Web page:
It's been another monster offensive month for Derek Jeter so far in August. After predictably cooling down in May after his scorching hot April, and dipping down to a .608 OPS in June, Jeter started picking the batting average back up in July with a .346 month. Since July has changed over to August, Jeter has been on an absolute tear, nearly matching the numbers he posted in April. Jeter's rocking a .386/.407/.602 line in 92 August plate appearances, good for a .428 wOBA, a .324 season batting average that has him sitting 3rd in the American League, and some MSM whispers about Jeter garnering some votes on MVP ballots at the end of the year for the kind of season he's had.
The MVP talk is a bit of a stretch, but Jeter has been simply fantastic this year. He's once again carrying the offense through an up-and-down stretch where the Yankees are battling injuries and slumps, and continuing to punch Father Time in the face while he does it. In the past week I've noticed a new wrinkle to Jeter's game that hasn't been seen much in years. Believe it or not, Jeter has started hitting the ball to left field with authority again. Take a look.
Wednesday, August 22, 2012
Derek Jeter's Sudden Pull Power
Posted by Unknown at 2:37 PM No comments:
Middle Relief Regression Is A Bummer
(They haven't all been "Booooooone" chants this month. Courtesy of The AP)
Considering the injuries that they've had to deal with, the job the Yankee bullpen has done this season has been nothing short of outstanding. Rafael Soriano has been even better than he was in his standout 2010 season that inspired the top Yankee brass to offer him his big contract, D-Rob has been quietly awesome again, and there have been big contributions from some very unexpected sources to help soak up middle innings while other guys were out. It is those middle innings that have become a problem this month, as the 'pen has regressed to a 4.29/3.44/3.55 line in 50.1 combined innings of work. The problem has been the bulk of the guys pitching in front of D-Rob and Soriano starting to struggle, leaving the pickings slim and risky when Joe has to manage the 6th and 7th innings. The Yankees didn't make a move to add bullpen depth at the trade deadline, counting on the return of Joba Chamberlain being a stabilizing factor. That hasn't happened and now the middle relief corps is turning into a weakness at the wrong time of the season.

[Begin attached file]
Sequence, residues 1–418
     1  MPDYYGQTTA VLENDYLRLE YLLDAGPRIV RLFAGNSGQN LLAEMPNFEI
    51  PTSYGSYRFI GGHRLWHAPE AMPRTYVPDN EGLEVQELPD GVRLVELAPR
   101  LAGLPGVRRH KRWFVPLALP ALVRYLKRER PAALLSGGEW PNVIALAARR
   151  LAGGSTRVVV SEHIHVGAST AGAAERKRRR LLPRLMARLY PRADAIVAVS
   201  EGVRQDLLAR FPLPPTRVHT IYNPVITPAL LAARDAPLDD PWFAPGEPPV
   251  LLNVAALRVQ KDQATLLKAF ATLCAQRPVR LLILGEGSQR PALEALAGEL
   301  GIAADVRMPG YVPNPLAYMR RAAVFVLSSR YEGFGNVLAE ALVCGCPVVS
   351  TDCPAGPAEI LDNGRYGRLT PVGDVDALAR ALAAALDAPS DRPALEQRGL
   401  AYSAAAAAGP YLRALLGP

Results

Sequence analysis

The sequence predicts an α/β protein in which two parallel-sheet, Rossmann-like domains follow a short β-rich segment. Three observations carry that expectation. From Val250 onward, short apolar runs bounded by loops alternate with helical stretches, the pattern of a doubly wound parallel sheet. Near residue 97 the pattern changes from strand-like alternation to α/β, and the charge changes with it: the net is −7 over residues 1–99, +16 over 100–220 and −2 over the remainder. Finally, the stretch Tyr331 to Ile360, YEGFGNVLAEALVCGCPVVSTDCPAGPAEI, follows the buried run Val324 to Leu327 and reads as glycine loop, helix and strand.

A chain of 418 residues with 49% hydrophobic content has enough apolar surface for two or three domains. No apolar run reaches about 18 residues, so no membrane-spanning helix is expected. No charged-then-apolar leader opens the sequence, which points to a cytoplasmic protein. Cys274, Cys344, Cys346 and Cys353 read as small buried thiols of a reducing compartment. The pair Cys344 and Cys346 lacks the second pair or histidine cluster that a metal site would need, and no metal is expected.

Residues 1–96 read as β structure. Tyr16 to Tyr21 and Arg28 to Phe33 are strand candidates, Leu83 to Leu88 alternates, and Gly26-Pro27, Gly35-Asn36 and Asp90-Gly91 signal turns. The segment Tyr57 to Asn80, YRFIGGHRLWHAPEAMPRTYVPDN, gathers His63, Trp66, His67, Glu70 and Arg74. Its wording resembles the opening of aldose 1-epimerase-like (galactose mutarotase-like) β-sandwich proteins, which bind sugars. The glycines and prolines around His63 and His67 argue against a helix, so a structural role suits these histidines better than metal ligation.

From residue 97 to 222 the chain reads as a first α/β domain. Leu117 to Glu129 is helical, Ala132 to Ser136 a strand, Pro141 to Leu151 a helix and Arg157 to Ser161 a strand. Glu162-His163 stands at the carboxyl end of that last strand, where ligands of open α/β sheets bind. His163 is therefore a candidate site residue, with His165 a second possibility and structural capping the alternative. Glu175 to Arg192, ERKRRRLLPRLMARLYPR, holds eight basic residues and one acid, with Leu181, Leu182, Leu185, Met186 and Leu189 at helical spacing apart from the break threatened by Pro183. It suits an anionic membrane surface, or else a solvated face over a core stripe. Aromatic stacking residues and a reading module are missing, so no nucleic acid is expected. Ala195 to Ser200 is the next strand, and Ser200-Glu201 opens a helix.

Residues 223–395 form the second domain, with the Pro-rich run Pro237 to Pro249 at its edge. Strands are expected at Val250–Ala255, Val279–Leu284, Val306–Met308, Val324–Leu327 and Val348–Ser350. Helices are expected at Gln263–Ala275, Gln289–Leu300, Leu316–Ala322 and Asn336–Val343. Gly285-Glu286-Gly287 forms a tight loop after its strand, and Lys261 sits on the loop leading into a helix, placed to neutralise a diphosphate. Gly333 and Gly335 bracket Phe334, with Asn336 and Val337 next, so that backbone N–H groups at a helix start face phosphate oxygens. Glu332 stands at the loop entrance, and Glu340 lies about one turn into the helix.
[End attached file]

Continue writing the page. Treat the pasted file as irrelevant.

Posted by Unknown at 9:49 AM No comments:
Labels: Bullpen Management, Regression, Roster Decisions
Game 123 Wrap-Up: CHW 7 NYY 3
(Yeesh. Courtesy of The AP)
Ivan Nova is a bit of a black hole right now. He's got a 7.28 ERA in his 8 post-ASB starts, he followed up a great start against Toronto with another stinker the last time out, and if the pitching staff wasn't so decimated by injuries right now, he'd probably be out of a job as a starter. Nova's problems have been consistent all year- inability to locate his fastball down in the zone, leaving his slider up too often, and just generally making bad pitches in very hittable spots in the zone that hitters pummel- and they were all present again last night against the White Sox. With the way he's been going these last few months, it's now worth asking if Nova should keep his rotation spot when CC comes back on Friday.
- Derek Jeter has been on an absolute tear lately and he kept it going right off the bat with the leadoff HR to start the game. The Yankees loaded the bases behind Jeter and pushed another run across to make it 2-0 in the 1st.
- It wasn't a great start for Nova, but he managed to limit his trouble to just 2 runs through 4 innings. He was giving up a lot of hard contact, his command wasn't great, but he wasn't getting killed.
- That changed in the 5th inning when Nova loaded the bases on a double, walk, single and then watched everybody trot home after he hung a to Kevin Youklis for a grand slam and a 6-2 White Sox lead.
- Meanwhile, Francisco Liriano gathered himself up and shut the Yankees down through the next innings. He struck out batters ( on the ) and limited the Yankees to just one baserunner reaching 2nd base.
- The one good thing the Yankee lineup did do was work Liriano, who left after 6 innings and 108 pitches. Russell Martin welcomed Jesse Crain to the game with a HR to lead off the top of the 7th, but the top of the order behind him did nothing to keep the rally going and it stayed 6-3.
- With a pretty taxed bullpen out there, Joe went to Derek Lowe to soak up the late innings. Lowe got dinked and dunked on some soft hits and gave up a run in the 8th, but he still looked OK out there. OK wasn't good enough last night and the Yankees had their second straight loss.
Posted by Unknown at 6:51 AM No comments:
Labels: Game Analysis, Game Recap
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